English National Ballet: She Said review – Frida Kahlo and fantastic beasts in mixed evening

Sadler’s Wells, London
A programme of three ballets by three women choreographers is a campaigning first. The results are far from traditional – and far from consistent

English National Ballet have revived a fine tradition in commissioning Grayson Perry to paint a front cloth for their latest programme. The unveiling of an artwork ahead of a ballet was much in vogue in the days of Diaghilev and Picasso. However, Perry’s cartoon of multi-breasted goddesses and phallic engines of war addresses the fact that She Said is far from being a traditional evening.

Composed of three new ballets by three women choreographers, it’s a campaigning first for an industry in which most of the repertory is created by men. The show opens with Anabelle Lopez Ochoa’s Broken Wings, an impressionistic life story of the Mexican painter Frida Kahlo. Its first 10 minutes are extraordinary, as Tamara Rojo – a witty, vivid and ultimately tragic Kahlo – is seen first as a schoolgirl, playing merrily with carnival skeletons, and then whisked through the defining events of her life: crushed in a bus accident, confined to her bed, and eventually painting away her pain in her art.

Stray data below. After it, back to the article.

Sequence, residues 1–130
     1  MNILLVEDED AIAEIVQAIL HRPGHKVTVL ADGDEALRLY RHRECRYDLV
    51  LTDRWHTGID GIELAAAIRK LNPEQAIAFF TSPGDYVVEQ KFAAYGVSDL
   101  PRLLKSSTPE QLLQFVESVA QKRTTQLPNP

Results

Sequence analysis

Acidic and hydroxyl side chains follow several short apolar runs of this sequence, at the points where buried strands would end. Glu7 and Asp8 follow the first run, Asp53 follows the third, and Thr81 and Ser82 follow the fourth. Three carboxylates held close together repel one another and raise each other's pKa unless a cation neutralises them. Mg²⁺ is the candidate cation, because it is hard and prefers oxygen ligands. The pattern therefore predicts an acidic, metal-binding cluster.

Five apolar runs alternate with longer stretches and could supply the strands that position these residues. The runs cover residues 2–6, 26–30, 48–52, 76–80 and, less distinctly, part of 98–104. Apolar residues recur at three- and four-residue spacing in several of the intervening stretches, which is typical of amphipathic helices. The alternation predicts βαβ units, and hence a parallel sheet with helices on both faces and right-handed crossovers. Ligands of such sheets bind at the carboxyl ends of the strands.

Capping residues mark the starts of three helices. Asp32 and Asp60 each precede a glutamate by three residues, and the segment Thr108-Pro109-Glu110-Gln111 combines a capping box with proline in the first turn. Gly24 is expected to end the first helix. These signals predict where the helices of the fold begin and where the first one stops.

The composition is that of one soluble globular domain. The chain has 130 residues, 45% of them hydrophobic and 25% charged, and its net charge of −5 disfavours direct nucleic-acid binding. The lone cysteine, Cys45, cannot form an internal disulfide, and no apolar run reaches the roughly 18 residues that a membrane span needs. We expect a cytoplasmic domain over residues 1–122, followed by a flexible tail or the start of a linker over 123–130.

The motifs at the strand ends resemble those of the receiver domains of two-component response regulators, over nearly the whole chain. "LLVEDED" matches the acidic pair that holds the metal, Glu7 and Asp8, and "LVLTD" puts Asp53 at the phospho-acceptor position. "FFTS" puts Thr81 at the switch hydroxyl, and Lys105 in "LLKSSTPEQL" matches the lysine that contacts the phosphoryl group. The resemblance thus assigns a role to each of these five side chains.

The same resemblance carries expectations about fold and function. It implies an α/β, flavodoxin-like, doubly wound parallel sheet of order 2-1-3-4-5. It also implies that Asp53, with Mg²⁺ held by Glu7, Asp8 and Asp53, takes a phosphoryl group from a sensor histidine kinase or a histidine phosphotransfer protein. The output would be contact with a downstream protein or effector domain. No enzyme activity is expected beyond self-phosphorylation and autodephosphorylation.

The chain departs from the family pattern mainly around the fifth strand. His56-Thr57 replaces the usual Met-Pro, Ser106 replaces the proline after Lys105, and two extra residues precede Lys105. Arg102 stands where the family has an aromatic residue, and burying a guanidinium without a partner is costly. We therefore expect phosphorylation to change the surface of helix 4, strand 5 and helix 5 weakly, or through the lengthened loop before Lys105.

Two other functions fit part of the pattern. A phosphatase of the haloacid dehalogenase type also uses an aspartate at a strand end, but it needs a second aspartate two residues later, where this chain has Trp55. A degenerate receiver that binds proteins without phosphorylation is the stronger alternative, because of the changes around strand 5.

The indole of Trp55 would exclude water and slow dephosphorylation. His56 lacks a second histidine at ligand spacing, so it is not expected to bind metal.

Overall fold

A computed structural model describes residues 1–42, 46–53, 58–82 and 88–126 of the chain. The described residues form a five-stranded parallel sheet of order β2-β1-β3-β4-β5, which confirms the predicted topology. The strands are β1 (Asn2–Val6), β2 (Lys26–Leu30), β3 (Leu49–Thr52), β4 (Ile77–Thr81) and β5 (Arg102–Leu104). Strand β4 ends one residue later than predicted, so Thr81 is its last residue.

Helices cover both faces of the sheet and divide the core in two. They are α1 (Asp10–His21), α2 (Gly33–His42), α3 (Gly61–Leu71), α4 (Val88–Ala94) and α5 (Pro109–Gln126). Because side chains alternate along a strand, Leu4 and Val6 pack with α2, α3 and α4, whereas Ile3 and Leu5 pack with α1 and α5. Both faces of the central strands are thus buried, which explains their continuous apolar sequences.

Related: Frida Kahlo’s brush with ballet: Tamara Rojo dances the artist’s life

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Source: Guardian Dance News

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